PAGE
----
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It is now time to let the department get out its proposals and have consultation occur in relation to those. Let us hope that we come up with something that, ideally, we are all agreed on and that will improve dramatically the status of PE and sport within our schools up to Year 10. I think that is terribly important for our children. It is something that all these reports that have been done in recent years have highlighted as being a problem and something that has been slipping against other subjects in the curricula. There are a number of factors we will look at, but this Government is very keen to ensure that this terribly important area of our children's education is attended to. I welcome any constructive comments and any assistance from other people in this chamber. But now is the time to do something, rather than just shove this off to another committee and delay it for an extra year, or however long it would take.
MS TUCKER (12.05): Mr Speaker, the Greens have tried to get this motion off the notice paper today because we do not believe that it is constructive at this stage to politicise the issue of school sport. We are totally in favour of open discussion and community input, and we believe that that has been happening. This is about the wellbeing of students and also about the development of cooperative processes in this place. I personally do not believe that it is totally incompatible with the Westminster system. It is clear that to date Ms McRae has not had the opportunity to talk to Mr Stefaniak; so she feels that this is the appropriate action. There would have been a place for Mr Stefaniak, I suggest, to have talked to Ms McRae before this and to have given her a better briefing on what is under way.
Mr De Domenico: She knows where he is. She should have rung him up. Did she ask for a chat?
MS TUCKER: I think both parties can take responsibility for that. We are not supporting this motion, but not because we do not share the concerns of Ms McRae and the ACT P and C about the draconian nature of the original policy. We also agree that ill-considered implementation of increased sport programs could produce an unintended counterproductive outcome. While the Greens welcome a commitment to improving the physical wellbeing of our students, it can have negative effects, particularly on girls. I am particularly concerned about the impact on the self-esteem of girls by imposing inappropriate sporting measures, and I support the sentiments expressed by Ms McRae. I also believe that there is a necessity to consider very closely the relationship between physical and emotional wellbeing. I have a problem with forcing kids to undertake competitive sport, although we have been assured by the Minister that this is not the proposal.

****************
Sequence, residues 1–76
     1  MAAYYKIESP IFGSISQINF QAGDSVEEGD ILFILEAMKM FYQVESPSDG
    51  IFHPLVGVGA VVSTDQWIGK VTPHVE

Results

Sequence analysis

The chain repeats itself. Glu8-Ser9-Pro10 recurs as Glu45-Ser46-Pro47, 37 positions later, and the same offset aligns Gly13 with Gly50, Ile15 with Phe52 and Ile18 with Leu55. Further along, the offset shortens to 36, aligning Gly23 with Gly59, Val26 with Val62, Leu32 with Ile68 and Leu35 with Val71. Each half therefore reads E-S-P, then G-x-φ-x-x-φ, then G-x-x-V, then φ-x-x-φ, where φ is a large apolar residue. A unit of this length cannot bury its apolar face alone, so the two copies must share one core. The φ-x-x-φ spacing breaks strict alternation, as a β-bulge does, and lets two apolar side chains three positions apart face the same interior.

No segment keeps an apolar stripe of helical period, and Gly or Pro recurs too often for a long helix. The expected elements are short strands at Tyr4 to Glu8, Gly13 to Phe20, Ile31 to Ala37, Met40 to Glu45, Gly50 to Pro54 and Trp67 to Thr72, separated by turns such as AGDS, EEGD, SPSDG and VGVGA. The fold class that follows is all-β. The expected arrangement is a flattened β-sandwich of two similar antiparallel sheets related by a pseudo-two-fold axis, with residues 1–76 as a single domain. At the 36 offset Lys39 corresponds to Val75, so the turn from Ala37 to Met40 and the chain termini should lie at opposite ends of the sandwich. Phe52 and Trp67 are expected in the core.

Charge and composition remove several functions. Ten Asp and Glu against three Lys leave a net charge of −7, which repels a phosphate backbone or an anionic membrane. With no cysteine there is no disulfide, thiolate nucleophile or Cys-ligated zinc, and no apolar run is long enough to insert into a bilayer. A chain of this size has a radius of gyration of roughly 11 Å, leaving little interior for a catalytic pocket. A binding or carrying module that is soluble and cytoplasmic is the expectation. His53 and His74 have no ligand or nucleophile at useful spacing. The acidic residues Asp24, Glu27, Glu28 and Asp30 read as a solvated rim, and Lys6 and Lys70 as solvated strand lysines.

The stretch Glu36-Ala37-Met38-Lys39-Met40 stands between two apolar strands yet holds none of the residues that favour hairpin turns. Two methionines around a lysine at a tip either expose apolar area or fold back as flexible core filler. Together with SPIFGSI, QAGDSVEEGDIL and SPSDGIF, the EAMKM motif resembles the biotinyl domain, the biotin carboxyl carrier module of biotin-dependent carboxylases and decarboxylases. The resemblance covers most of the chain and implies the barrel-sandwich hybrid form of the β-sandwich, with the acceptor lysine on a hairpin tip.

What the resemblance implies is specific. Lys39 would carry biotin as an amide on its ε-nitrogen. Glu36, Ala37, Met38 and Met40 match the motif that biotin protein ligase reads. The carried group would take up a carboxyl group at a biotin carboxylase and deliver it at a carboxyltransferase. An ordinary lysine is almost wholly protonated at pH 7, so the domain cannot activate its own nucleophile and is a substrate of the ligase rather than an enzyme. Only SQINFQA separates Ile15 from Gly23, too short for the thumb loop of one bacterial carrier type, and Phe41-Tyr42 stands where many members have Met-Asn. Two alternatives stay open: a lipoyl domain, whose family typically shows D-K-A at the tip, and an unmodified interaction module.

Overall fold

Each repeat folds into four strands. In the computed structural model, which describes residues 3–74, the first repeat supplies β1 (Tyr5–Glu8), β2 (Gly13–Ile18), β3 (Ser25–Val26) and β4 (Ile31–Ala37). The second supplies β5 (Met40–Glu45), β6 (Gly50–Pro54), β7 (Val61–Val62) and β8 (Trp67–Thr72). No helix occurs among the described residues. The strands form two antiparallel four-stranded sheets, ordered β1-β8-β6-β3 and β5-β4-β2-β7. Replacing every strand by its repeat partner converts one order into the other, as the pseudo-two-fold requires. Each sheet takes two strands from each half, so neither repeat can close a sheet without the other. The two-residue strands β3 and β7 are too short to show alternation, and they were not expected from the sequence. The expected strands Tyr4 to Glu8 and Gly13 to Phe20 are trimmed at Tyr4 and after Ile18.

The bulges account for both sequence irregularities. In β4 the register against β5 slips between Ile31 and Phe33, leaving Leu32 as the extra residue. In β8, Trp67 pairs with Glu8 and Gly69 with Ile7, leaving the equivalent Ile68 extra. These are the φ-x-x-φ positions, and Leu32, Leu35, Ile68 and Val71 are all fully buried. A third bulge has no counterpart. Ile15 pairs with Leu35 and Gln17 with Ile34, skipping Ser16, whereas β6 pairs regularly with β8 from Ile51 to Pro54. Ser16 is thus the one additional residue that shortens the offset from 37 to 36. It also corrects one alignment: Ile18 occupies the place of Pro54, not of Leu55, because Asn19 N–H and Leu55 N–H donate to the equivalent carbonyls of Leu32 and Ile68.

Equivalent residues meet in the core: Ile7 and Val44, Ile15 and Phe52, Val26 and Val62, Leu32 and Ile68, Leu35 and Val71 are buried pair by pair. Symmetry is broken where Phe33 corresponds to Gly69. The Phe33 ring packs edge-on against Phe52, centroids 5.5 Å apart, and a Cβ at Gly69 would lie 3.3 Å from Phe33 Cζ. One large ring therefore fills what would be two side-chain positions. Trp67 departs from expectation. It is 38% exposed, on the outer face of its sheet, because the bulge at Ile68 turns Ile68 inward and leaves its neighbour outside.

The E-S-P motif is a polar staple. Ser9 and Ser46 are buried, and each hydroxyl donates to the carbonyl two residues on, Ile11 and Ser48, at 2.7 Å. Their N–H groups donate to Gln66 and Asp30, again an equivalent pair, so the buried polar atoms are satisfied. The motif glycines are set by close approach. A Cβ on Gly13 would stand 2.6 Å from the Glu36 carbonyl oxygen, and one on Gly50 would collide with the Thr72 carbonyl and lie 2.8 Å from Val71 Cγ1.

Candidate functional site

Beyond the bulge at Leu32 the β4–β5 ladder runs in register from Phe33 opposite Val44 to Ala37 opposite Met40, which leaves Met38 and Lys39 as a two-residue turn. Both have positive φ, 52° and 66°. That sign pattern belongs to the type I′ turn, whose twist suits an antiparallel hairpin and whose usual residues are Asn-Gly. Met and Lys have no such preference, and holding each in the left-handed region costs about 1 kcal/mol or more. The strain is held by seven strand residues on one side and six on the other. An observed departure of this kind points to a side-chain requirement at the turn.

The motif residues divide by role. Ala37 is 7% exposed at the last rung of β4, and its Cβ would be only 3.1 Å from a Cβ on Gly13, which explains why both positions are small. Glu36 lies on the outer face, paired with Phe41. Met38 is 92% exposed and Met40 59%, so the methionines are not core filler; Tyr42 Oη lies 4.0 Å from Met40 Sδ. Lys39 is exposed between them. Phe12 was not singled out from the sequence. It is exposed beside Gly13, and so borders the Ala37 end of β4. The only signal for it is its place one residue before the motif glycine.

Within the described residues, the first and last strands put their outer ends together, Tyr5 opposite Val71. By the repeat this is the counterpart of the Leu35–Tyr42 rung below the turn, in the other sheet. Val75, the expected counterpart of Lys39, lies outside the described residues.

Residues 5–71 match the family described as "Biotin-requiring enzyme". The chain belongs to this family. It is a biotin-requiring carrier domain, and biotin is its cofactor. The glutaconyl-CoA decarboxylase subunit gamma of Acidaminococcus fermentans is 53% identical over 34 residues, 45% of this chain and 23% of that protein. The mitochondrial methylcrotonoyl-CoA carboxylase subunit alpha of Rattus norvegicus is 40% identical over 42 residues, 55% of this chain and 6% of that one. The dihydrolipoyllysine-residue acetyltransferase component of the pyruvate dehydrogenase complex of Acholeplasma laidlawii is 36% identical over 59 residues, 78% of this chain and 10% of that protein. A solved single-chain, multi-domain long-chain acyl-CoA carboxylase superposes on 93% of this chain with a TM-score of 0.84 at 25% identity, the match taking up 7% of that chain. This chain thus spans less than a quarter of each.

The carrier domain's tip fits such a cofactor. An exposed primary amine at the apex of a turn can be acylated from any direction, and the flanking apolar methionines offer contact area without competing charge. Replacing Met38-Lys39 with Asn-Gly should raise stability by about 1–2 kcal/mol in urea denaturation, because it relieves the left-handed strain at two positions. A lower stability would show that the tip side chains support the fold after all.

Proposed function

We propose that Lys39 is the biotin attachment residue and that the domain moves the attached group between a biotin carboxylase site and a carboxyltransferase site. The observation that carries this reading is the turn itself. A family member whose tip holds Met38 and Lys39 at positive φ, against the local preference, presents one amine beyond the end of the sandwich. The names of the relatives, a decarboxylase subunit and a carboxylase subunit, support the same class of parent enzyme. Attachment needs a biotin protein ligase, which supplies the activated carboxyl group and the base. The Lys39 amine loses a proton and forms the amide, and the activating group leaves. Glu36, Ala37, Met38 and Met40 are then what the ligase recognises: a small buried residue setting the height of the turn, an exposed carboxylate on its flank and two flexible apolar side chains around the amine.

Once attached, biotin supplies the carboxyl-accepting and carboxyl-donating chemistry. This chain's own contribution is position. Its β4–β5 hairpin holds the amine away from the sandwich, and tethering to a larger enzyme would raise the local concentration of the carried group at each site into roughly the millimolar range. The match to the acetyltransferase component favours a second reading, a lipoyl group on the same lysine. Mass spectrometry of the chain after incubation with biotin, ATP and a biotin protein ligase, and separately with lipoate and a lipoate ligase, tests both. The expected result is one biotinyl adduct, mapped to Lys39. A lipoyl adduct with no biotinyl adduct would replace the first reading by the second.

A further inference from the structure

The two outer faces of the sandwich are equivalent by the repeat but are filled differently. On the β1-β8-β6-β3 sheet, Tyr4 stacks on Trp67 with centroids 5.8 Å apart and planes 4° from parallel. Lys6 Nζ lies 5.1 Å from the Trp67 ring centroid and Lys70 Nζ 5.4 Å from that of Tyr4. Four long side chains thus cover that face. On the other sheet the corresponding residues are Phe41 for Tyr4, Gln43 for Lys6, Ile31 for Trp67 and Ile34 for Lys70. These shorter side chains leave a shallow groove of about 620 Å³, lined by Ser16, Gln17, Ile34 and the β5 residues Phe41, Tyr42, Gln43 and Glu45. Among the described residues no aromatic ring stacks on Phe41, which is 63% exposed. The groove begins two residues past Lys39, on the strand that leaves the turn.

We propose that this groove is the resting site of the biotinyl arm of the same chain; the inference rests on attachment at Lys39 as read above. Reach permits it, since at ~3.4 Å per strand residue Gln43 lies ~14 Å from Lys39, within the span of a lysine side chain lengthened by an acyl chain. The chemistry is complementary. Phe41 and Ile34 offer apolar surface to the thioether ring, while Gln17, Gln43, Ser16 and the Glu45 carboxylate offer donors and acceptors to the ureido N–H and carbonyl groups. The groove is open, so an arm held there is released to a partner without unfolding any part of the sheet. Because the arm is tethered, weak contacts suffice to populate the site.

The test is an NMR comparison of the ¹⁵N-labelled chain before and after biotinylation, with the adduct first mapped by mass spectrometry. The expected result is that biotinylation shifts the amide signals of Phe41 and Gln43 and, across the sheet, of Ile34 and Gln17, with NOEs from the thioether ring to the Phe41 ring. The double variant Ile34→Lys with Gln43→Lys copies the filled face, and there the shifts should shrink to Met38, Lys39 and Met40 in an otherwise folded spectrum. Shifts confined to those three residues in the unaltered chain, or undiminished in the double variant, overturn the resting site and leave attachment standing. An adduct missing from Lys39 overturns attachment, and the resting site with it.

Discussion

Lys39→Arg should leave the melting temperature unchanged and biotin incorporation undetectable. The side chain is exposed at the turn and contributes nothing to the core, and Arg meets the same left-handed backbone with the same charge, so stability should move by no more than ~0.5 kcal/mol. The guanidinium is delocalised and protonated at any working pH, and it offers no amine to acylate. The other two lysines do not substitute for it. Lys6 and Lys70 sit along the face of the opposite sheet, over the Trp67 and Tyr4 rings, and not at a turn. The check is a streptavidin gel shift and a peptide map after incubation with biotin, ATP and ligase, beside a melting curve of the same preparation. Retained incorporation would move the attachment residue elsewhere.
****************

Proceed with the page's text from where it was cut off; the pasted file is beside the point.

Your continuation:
Aside from the proposals regarding sport, the Greens were also very unhappy with the back-to-front process, which originally involved bringing in the key stakeholders only at the final stage, rather than having input from the key stakeholders throughout the process. It is not good enough to come up with a virtually completed strategy and then ask for input on how it is to be implemented. While it is good to have a goal or outcome, it is our belief that the goal should have been to increase the physical fitness and enjoyment of attaining physical fitness of students, not the goal of 200 minutes of sport happening in whatever way, and I have made that point to Mr Stefaniak this morning.